What does the color palette of anime characters say?
What the color palette of anime characters says about: the meaning of shades in Japanese culture.
The interpretation of shades can be viewed from different angles: one color can have both the same meaning and completely different, depending on the context.
Most of the names of colors in Japan are derived from those elements, objects, plants or animals from which the corresponding dye was produced. Sometimes the name could be formed on the basis of the color of the object itself, and since in the course of history the Japanese borrowed many trends when they contacted other countries, the meanings of the colors were regularly changed. The meaning of this or that shade in Japan has deep roots in traditional culture: according to the canons, the shades in clothes, on store signs, or even the color of the eyes and hair of anime characters reflect not only the aesthetic component, but also reveal the depth of their nature: emotions, feelings, character , symbolism.
It is worth dividing the symbolism of flowers in Japan into two types: traditional colors and all the rest. Traditional Japanese colors are those most commonly used in Japan for costumes, paintings, and other crafts since ancient times. Such a concept appeared in 603, when the Regent Prince Shotoku (Japanese: 聖徳太子, ~ 574 – ~ 622) introduced a system called the Table of Twelve Ranks. It was based on the five elements of Chinese natural philosophy Wu-hsing, which determines the main parameters of the universe. The Shotoku system determined the color of the costume for each rank, and also introduced kinjiki (forbidden colors in Japanese), which were allowed to be worn only by the highest nobility. The names of the ranks were borrowed from Confucian ethics: wisdom, faith, humanity, grace, courtesy, duty. Each of them was divided into senior and junior, and depending on this, a certain color was assigned. The permitted colors were called yurushiiro, and they could be worn by people of any status and position.
The white color in Japan symbolizes purity and divinity, therefore it is primarily associated with the sacred world and is considered the color of death. The origins of this perception lie in mythology, according to which the white color is associated with the cult of ancestors. In the Japanese funeral rite, it is not without reason that the deceased is dressed in snow-white clothes – this is a sign of his initiation into a new life.
Today, the Japanese prefer to wear white, who like lightness, neatness and independence. If we consider the color context in Japanese animation, we can see that negative characters are more likely to have blond hair or eyes than the protagonists, and solid snow-white shades predominate in the attributes of a true villain. Such a technique is most often used to emphasize the supernatural abilities, the sacred image of the hero, his belonging to one or another higher creature.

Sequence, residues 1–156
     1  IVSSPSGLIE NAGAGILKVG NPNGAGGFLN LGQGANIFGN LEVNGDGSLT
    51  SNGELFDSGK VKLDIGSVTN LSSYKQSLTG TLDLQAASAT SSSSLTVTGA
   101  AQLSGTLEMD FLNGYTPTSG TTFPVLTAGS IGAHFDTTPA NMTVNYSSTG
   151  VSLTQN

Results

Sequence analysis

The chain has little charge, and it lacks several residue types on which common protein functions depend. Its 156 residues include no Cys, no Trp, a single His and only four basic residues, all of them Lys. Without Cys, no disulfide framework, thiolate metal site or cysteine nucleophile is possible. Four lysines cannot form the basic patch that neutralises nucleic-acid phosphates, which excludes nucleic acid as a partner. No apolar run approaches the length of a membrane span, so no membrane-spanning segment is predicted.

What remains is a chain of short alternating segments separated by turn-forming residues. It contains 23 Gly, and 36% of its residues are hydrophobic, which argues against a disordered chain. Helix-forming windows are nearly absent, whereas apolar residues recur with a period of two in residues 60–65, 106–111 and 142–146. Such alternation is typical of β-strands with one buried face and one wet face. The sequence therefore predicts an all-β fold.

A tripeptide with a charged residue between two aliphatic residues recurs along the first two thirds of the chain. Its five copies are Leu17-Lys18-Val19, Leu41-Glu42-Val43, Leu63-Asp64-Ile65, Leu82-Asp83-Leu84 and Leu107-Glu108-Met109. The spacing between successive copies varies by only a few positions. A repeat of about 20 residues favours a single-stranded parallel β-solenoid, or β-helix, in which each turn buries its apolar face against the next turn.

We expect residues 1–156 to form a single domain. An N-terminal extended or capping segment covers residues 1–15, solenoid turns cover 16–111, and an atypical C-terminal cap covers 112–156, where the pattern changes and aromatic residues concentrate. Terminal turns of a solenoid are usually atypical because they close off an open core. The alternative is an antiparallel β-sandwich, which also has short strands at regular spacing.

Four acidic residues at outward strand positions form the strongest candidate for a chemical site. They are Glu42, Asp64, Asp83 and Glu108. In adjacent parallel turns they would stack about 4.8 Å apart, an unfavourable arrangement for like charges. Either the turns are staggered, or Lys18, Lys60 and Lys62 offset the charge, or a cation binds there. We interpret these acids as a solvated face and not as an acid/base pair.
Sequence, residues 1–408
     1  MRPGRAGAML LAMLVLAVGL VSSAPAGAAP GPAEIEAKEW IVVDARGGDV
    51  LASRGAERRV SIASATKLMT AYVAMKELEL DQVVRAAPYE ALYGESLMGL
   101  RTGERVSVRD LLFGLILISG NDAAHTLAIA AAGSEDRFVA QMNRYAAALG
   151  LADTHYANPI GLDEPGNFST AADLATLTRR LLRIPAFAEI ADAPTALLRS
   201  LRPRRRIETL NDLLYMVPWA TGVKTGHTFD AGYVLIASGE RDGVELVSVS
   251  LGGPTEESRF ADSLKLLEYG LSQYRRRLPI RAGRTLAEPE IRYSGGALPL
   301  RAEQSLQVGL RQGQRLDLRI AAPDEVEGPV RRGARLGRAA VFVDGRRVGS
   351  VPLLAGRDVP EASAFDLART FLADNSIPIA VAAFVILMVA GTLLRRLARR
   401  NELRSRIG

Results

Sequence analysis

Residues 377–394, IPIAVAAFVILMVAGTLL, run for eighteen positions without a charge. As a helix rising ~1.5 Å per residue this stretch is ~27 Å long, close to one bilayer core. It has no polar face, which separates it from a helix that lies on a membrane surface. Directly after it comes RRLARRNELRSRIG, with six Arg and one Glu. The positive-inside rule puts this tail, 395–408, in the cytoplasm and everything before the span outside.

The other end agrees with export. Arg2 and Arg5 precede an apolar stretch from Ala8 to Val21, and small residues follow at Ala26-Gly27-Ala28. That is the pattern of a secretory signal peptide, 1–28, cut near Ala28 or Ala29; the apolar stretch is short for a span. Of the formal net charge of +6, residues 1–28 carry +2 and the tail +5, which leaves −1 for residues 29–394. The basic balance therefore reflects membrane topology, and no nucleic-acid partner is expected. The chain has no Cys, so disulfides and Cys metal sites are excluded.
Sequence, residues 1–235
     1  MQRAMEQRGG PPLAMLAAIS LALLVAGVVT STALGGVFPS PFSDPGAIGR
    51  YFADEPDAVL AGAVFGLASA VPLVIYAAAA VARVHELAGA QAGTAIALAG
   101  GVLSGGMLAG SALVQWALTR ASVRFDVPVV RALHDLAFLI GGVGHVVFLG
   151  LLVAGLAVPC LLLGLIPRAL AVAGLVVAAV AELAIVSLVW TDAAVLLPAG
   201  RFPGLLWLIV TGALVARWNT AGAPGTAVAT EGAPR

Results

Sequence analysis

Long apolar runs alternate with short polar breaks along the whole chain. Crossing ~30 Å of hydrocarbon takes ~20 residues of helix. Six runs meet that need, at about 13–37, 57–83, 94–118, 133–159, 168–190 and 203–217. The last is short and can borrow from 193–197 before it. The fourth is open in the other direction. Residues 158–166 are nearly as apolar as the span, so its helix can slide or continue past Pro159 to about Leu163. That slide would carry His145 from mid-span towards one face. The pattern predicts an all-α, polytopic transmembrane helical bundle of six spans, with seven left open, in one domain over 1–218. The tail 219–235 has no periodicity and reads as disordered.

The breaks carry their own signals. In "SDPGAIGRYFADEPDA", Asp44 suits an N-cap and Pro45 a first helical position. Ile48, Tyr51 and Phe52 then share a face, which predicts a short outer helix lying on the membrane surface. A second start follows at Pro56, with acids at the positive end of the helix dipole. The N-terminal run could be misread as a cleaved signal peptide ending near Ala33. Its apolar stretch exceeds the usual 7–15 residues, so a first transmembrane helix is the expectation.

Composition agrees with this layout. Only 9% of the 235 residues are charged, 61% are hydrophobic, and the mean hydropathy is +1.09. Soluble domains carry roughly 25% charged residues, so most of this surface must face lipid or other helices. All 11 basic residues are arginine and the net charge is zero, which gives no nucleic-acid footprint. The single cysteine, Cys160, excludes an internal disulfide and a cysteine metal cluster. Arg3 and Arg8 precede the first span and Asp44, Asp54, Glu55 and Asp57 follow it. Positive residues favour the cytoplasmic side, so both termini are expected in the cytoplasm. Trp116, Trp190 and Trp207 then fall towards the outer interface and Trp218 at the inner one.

The black color for the inhabitants of the Land of the Rising Sun is no less important: it symbolizes an original orientation, unlike the ideas of Western countries, since it has the opposite meaning and is the color of nobility, happiness and freedom.
The dark color of clothing is most common among the Japanese, as well as the color of the hair or eyes of anime characters. But the reason is not only that black is the main hair color of the entire Japanese nation, things are a little different: black is a sign of restraint, calmness, intelligence and determination. In combination with brighter shades, it can carry a different semantic load, but in itself is considered a traditional display of endurance, clarity and harmony.
Warm colors are very important in Japan, because red, orange and yellow are associated with the concept of the divine origin of an entire people. It is believed that representatives of the Japanese imperial dynasty are direct descendants of the Sun Goddess Amaterasu (Jap. 天照大御神), from which we can conclude how significant solar semantics is in national culture. But also each of the shades individually can carry its own meaning. Let’s say medium scarlet (jap. nakabeni) is “the color of red plum”. It is a shade of red, but not the same as, for example, pale scarlet (arazome) which means “sakura blossom” and so on.
The red color symbolizes for the Japanese to know, which evokes a feeling of universal admiration and has authority, as well as justice, valor, magic and witchcraft.
Shades of red, obviously, attract attention much more than others, because it is chosen by people with a strong-willed character who want to emphasize their own individuality and expressiveness. You can even notice that in most anime and manga, various wizards and sorcerers are portrayed as red-haired, usually with a purposeful, stubborn and short-tempered character. Colorful colors often belong to the characters, which have a greater influence on the development of the plot and the turn of the story.
Orange in Japan symbolizes wealth, abundance and prosperity, while yellow or gold symbolizes light, mercy and divine power. In ancient times, the Japanese even made offerings to the Gods in the form of orange or yellow fruits, because. they wanted to get a good harvest, and sometimes just in gratitude for the already acquired gifts of nature. Part of this custom continues today.
By the way, an interesting fact of the symbolism of the yellow color is that today it symbolizes among the Japanese a call for increased attentiveness and caution. For example, elementary school students must wear yellow hats while moving around the city so that drivers can easily notice them. The Japanese, who choose red and golden shades in clothes, are attentive, cheerful, responsible and optimistic. And these colors are also a characteristic indicator by which mangakas and animators distinguish a certain hero from the total number of characters, since usually these personalities are bright, ambitious, noisy and cheerful.